Why Trouble Is Still in Store For Xilinx Despite 5G Tailwinds

The last year has been rough going for Xilinx (NASDAQ: XLNX). The field programmable gate array (FPGA) leader first started to show signs its growth run was coming to an end during the U.S.-China trade war, losing key customer Huawei after the White House restricted sales to China's tech infrastructure giant. The coronavirus pandemic is now proving to be a second jab, with key outlets like the auto and communications industries (including 5G network development) dropping off sharply due to the ensuing global economic freeze.

The result was record revenue in fiscal 2020 (the year ending March 28, 2020), but a drop in profitability. The company has taken steps to protect its balance sheet and set itself up for an eventual return to growth, but the outlook for the immediate future leaves a lot to be desired.

A Xilinx FPGA semiconductor.

Image source: Xilinx.

5G wasn't enough

There was some good news during the fiscal 2020 fourth-quarter update. Supply chain disruption due to COVID-19 hasn't been an issue, and the economy in China is rebounding. CEO Victor Peng said that sales to medical equipment makers across the Pacific were strong to help combat the spread of the pandemic, and sales to medical companies in the U.S. and Europe are also on the rise.  

Data-center construction spending was also strong at the conclusion of fiscal 2020, as high-performance computing in the cloud -- like machine learning and video delivered via a network -- continues to rise in importance. And there was good news on the worldwide rollout of 5G mobile networks as well. Peng said his company won a design win with Samsung on its second-generation 5G radio. Other networking hardware deals to help speed the spread of 5G were announced too.  

As to specific numbers, Q4 revenue was $756 million -- a 5% sequential increase over the 2019 holiday season, bucking the normal seasonal slowdown trend. Year over year, though, sales were down 9%, driven by a decline in communications and automotive industry end markets. Resulting adjusted earnings per share were down 17% from a year ago. For the full-year period, revenue still managed a new all-time high, but the bottom line deteriorated due to the multiple headwinds from the trade war and COVID-19.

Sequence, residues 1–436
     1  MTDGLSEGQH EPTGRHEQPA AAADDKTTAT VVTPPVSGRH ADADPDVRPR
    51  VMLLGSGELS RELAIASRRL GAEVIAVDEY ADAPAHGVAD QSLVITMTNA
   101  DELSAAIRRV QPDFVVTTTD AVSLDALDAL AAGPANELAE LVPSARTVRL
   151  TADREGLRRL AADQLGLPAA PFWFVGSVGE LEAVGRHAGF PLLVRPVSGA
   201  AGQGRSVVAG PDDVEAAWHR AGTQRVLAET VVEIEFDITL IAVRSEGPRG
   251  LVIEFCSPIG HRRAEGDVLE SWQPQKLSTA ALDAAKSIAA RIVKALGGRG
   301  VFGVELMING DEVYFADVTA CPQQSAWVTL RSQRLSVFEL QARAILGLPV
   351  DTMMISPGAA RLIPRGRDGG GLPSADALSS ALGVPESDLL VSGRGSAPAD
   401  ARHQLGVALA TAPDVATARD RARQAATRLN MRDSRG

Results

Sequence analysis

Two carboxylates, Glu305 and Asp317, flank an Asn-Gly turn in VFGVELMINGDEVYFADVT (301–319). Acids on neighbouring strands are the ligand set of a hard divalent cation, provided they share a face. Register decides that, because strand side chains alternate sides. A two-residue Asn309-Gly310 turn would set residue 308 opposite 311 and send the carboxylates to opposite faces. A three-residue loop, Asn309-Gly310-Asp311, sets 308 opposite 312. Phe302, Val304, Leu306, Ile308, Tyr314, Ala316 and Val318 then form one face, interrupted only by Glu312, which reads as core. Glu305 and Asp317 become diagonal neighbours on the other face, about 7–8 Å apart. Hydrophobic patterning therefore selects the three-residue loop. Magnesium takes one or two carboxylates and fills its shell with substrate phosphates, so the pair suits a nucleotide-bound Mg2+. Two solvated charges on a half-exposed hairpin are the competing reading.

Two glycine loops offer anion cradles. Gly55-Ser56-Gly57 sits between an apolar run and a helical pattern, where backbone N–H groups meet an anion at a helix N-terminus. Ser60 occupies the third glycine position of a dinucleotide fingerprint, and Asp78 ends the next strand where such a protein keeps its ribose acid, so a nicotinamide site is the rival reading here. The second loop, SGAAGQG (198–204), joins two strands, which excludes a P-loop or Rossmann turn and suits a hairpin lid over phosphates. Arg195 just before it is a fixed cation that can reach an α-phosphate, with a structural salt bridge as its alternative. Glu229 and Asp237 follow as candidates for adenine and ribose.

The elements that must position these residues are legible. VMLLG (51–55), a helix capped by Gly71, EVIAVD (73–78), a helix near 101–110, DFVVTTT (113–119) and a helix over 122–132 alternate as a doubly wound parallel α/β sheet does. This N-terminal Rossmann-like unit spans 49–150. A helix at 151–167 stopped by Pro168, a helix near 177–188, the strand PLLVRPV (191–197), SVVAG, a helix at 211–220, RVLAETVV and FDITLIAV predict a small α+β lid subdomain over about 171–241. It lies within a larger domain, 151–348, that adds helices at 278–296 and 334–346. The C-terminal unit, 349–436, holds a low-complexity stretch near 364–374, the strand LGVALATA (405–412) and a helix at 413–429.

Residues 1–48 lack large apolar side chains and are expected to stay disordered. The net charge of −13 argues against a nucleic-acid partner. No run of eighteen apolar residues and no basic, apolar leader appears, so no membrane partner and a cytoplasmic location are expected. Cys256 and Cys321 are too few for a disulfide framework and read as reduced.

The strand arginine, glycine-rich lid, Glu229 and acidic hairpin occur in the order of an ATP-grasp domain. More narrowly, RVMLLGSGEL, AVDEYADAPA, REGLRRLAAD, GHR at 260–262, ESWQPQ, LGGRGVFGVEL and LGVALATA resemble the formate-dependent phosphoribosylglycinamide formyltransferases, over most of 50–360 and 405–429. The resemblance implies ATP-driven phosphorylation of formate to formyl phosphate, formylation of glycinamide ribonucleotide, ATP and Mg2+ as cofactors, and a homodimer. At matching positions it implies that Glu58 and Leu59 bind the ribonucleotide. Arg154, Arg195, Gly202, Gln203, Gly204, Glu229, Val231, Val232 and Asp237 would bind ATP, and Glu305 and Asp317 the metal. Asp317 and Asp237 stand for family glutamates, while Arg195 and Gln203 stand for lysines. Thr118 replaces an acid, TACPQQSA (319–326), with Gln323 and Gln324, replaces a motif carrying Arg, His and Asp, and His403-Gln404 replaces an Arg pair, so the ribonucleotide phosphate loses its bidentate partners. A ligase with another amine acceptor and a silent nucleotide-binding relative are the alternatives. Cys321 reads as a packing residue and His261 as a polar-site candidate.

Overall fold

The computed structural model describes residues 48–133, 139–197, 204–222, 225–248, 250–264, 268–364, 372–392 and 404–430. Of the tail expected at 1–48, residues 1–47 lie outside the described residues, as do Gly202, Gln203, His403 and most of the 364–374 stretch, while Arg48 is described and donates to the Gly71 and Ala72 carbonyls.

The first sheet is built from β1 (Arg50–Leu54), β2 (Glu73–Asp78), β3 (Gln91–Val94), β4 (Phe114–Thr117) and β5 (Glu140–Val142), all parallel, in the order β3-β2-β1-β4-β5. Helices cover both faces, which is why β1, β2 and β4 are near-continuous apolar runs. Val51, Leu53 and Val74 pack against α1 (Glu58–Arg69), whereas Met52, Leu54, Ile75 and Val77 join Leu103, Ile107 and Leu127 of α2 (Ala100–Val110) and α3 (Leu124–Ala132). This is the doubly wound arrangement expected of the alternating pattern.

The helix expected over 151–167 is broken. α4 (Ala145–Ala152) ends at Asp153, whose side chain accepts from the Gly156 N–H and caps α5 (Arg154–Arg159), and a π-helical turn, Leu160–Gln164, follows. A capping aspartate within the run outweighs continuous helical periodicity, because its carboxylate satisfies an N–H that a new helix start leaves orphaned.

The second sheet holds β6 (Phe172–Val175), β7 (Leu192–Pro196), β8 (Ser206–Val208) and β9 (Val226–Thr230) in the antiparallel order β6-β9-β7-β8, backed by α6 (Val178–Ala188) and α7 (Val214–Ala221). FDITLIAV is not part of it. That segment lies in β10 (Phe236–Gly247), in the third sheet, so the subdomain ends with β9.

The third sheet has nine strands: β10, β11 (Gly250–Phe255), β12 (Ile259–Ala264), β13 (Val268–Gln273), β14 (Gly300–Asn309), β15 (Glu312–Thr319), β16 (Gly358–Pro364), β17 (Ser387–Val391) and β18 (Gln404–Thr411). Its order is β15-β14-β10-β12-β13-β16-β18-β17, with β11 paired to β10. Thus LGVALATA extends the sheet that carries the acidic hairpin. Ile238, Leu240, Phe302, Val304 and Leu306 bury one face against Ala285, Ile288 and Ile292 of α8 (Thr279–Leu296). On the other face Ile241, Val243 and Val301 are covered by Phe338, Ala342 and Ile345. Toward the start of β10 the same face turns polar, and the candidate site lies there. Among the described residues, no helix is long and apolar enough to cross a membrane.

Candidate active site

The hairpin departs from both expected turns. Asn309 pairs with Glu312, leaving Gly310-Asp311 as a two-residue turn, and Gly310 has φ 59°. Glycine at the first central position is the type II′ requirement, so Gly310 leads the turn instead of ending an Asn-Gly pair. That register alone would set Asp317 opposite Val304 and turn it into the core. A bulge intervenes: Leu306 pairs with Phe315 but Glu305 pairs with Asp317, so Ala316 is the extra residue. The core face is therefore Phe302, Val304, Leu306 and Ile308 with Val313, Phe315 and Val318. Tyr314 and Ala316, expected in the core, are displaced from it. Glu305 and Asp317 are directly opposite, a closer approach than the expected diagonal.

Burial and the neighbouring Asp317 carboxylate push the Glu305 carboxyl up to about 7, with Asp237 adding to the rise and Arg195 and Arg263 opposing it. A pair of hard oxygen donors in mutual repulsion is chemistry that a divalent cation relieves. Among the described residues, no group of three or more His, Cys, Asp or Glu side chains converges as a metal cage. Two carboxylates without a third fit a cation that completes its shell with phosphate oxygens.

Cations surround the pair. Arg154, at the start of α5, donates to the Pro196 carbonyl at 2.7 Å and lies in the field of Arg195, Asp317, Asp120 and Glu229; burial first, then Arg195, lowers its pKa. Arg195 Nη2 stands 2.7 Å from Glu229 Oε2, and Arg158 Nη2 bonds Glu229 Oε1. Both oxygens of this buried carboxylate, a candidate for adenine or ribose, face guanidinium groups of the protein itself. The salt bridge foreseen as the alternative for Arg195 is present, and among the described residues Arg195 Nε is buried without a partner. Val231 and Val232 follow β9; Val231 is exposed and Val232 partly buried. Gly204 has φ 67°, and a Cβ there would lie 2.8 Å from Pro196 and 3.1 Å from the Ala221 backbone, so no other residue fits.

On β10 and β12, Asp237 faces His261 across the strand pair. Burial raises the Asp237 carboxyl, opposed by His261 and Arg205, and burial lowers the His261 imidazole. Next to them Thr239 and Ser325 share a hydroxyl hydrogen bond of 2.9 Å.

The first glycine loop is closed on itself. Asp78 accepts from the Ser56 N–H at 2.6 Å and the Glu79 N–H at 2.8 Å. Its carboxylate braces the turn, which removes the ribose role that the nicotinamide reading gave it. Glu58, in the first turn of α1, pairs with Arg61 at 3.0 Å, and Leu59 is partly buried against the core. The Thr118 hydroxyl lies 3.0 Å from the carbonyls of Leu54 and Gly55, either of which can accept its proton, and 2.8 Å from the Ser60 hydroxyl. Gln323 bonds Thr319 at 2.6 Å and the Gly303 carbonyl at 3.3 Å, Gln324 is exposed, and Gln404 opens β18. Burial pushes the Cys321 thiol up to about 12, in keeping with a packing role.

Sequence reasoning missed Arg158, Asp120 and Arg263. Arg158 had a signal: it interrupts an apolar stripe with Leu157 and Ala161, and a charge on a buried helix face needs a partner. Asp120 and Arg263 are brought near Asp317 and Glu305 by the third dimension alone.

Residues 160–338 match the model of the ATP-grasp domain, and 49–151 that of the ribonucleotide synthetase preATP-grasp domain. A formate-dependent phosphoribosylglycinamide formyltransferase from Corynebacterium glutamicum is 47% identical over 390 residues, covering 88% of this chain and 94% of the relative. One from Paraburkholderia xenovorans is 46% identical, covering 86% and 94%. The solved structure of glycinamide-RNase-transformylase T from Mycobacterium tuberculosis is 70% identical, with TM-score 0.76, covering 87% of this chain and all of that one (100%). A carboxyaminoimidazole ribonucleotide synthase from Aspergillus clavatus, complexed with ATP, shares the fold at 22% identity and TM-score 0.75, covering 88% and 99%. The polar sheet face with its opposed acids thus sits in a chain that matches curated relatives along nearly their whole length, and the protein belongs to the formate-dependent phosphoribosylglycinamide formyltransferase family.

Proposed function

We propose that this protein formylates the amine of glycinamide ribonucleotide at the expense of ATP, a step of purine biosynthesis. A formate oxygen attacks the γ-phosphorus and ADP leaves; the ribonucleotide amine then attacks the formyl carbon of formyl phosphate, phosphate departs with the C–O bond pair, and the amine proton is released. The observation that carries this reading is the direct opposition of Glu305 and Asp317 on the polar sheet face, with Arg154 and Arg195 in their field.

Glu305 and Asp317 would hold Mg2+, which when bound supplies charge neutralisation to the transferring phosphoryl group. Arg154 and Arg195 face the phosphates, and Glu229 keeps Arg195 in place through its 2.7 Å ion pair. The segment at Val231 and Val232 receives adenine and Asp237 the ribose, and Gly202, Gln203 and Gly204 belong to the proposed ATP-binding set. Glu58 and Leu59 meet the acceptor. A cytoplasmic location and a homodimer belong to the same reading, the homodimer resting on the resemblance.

12 Months Ended March 28, 2020

Months Ended March 30, 2019



$3.16 billion

$3.06 billion


Gross profit margin



(1.9 pp)

Operating income

$792 million

$957 million


Adjusted earnings per share




Pp = percentage point. Data source: Xilinx.  

Note that adjusted earnings fell far less than operating income did over the last year. That was thanks to Xilinx spending over $1.2 billion on share buybacks in fiscal 2020. But with year-over-year sales and profits now in decline, management said it would be more conservative for now in making those purchases, focusing instead on further strengthening the balance sheet. And on that front, Xilinx is in exceptional shape. Cash and equivalents ended at $2.27 billion and long-term debt at $747 million.

The dividend was raised by 3% to $0.38 per share each quarter, good for a current annual dividend yield of 1.7%.  

A not-so-great outlook, at least for now

But that's now all in the past, and it's the year ahead that is most important. Regarding the outlook, lower auto sales and a slowdown in global 5G rollout is going to take a toll. Full-year guidance wasn't provided, but fiscal 2021 first-quarter revenue is expected to be between $660 million and $720 million -- down 19% year over year at the midpoint. Some of the expected decline includes coronavirus demand disruption and data center sales that are proving to be unpredictably variable quarter to quarter. But the good news is that order backlog is higher than Xilinx's historical average.  

It will be rough going this year, and even though Xilinx stock is down nearly 40% from its all-time high last spring, it still trades for 20.2 times trailing 12-month free cash flow. Nevertheless, the long-term thesis for this semiconductor stock remains intact, with 5G still in the early innings of development and data centers only growing in importance over time.

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Nicholas Rossolillo and his clients own shares of Xilinx. The Motley Fool recommends Xilinx. The Motley Fool has a disclosure policy.

The views and opinions expressed herein are the views and opinions of the author and do not necessarily reflect those of Nasdaq, Inc.

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